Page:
Type 1 Diabetes Pathophysiology

Type 1 Diabetes Pathophysiology

Type 1 diabetes (T1D) is a chronic autoimmune disorder that occurs in genetically susceptible individuals and that may be precipitated by environmental factors. In a susceptible individual, the immune system is triggered to develop an autoimmune response against altered pancreatic beta cell antigens, or molecules in beta cells that resemble a viral protein. Approximately 85% of T1D patients have circulating islet cell antibodies, and the majority of patients also have detectable anti-insulin antibodies. Most islet cell antibodies are directed against glutamic acid decarboxylase (GAD) within pancreatic beta cells (1).

Several scenarios for development of T1D have been put forth. In one model, an environmental trigger induces islet autoimmunity and beta-cell death in genetically susceptible individuals, leading to a sequence of prediabetic stages and eventually clinical onset of T1D (2). Other scenarios have been proposed to account for wide variations in the time between initiation of autoimmunity and clinical onset of T1D. For example, interactions between genetic factors and environmental challenges such as viral infections might contribute to fluctuations in beta-cell mass observed before onset of T1D (3). Alternatively, T1D could be a relapsing-remitting disease, dependent on cyclical disruption and restoration of the balance between effector and regulatory T cells (4,5). Finally, the fertile field hypothesis postulates the existence of a time window following viral infection during which at-risk individuals may develop autoimmunity (1,6).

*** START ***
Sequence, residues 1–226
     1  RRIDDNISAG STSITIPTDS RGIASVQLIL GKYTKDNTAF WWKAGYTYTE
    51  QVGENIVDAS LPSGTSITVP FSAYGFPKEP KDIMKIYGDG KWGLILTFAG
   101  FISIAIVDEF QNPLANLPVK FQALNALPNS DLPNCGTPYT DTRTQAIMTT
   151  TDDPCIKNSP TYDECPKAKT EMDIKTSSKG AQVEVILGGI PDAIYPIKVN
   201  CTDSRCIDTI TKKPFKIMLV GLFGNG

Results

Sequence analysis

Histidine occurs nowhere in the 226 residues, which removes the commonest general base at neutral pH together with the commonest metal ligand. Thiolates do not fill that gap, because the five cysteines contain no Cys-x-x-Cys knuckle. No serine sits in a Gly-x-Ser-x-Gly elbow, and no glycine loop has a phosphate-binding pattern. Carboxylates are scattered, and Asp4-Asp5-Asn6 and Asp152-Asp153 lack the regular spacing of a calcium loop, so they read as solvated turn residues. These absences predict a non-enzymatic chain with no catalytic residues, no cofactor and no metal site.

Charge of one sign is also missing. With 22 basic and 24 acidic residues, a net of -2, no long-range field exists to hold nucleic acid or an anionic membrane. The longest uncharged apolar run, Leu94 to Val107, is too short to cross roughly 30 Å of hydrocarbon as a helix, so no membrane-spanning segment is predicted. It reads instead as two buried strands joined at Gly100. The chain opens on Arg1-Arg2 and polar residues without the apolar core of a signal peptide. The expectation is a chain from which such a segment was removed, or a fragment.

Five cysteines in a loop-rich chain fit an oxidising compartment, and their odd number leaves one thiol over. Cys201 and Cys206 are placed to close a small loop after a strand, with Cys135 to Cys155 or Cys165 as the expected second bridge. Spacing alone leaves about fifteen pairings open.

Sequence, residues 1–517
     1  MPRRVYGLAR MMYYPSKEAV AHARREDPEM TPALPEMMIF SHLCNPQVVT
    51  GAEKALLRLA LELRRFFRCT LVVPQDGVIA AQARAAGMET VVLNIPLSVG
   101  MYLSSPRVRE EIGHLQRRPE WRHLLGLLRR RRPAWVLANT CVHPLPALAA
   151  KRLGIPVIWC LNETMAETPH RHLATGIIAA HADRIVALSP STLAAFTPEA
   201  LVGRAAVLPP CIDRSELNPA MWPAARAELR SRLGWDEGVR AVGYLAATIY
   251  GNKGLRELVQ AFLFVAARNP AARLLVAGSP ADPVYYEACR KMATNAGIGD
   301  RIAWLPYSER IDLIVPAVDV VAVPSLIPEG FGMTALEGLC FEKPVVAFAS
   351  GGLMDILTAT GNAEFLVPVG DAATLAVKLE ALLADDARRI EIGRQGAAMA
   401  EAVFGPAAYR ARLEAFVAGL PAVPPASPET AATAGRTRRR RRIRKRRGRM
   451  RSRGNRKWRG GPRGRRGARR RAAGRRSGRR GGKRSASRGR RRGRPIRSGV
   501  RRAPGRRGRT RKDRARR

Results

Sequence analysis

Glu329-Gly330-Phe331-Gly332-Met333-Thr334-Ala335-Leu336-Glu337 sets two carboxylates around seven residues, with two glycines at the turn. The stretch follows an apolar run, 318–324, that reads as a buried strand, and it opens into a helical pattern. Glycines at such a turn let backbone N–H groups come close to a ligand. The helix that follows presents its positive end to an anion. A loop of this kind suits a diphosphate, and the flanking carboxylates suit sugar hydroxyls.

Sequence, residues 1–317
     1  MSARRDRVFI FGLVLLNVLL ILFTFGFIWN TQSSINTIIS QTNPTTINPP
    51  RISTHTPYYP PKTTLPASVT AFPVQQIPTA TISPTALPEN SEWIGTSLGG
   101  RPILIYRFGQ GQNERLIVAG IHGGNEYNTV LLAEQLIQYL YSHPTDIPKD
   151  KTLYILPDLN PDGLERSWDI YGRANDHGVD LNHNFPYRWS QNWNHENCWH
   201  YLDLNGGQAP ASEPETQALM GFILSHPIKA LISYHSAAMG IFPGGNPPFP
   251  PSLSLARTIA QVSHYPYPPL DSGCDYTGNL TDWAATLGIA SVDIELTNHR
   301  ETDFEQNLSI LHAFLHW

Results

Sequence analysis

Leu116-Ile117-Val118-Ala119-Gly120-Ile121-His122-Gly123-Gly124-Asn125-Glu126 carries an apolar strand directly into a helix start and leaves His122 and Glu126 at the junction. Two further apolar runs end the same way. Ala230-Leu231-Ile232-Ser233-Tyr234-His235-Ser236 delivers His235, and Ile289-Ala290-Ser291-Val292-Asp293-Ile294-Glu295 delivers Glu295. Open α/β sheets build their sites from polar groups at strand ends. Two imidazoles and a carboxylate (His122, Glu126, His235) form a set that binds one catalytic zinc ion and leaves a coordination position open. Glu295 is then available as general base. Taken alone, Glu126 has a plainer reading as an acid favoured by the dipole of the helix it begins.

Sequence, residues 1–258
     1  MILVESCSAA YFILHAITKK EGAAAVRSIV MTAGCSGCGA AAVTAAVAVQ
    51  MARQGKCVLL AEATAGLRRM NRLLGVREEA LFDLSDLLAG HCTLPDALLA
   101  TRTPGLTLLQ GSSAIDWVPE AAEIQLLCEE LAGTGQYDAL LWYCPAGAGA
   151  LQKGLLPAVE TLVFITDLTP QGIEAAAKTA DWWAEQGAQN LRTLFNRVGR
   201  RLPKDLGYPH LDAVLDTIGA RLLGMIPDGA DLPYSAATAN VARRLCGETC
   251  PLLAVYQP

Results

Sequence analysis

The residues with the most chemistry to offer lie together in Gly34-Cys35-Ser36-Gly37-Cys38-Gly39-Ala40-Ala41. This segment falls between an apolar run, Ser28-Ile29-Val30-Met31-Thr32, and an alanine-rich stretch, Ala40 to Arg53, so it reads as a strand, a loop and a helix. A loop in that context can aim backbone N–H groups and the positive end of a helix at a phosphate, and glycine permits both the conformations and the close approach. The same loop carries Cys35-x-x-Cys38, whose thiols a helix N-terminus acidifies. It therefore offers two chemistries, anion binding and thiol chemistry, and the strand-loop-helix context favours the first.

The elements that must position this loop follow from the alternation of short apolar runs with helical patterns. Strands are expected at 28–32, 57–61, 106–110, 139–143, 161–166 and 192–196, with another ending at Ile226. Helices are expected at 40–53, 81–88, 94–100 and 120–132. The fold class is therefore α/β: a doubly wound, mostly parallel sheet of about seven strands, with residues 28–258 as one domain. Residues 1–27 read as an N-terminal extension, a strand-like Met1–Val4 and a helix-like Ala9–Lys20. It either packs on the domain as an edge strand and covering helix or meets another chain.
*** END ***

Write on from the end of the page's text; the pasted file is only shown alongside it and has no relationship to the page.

Clinical Course
T1D is a catabolic disorder wherein circulating insulin is very low or absent, plasma glucagon is elevated, and the pancreatic beta cells fail to respond to all insulin-secretory stimuli. The pancreas shows lymphocytic infiltration and destruction of insulin-secreting cells of the islets of Langerhans, causing insulin deficiency (1).
Absolute insulin deficiency has many physiologic consequences, including the disruption of glucose uptake into muscle and adipose cells and the absence of an inhibitory effect on hepatic glucose production, lipolysis, and ketogenesis. Extreme insulin deficiency leads to osmotic diuresis and dehydration as well as elevated free fatty acid levels and diabetic ketoacidosis (DKA), which may be life-threatening. Muscle wasting observed in patients with uncontrolled T1D results from the failure to stimulate amino acid uptake and protein synthesis and inhibit protein degradation (7).

References

  1. van Belle TL, Coppieters KT, von Herrath MG. Type 1 diabetes: etiology, immunology, and therapeutic strategies. Physiol Rev. 2011;91:79-118.
  2. Eisenbarth GS. Type I diabetes mellitus. A chronic autoimmune disease. N Engl J Med. 1986;314:1360-8.
  3. Chatenoud L, Bluestone JA. CD3-specific antibodies: a portal to the treatment of autoimmunity. Nat Rev Immunol. 2007;7:622-32.
  4. Thorsby E, Ronningen KS. Particular HLA-DQ molecules play a dominant role in determining susceptibility or resistance to type 1 (insulin-dependent) diabetes mellitus. Diabetologia. 1993;36:371-7.
  5. Gomez-Tourino I, Arif S, Eichmann M, Peakman M. T cells in type 1 diabetes: Instructors, regulators and effectors: A comprehensive review. J Autoimmun. 2015.
  6. Jaberi-Douraki M, Liu SW, Pietropaolo M, Khadra A. Autoimmune responses in T1DM: quantitative methods to understand onset, progression, and prevention of disease. Pediatr Diabetes. 2014;15:162-74.
  7. Newsholme EA, Dimitriadis G. Integration of biochemical and physiologic effects of insulin on glucose metabolism. Exp Clin Endocrinol Diabetes. 2001;109 Suppl 2:S122-34.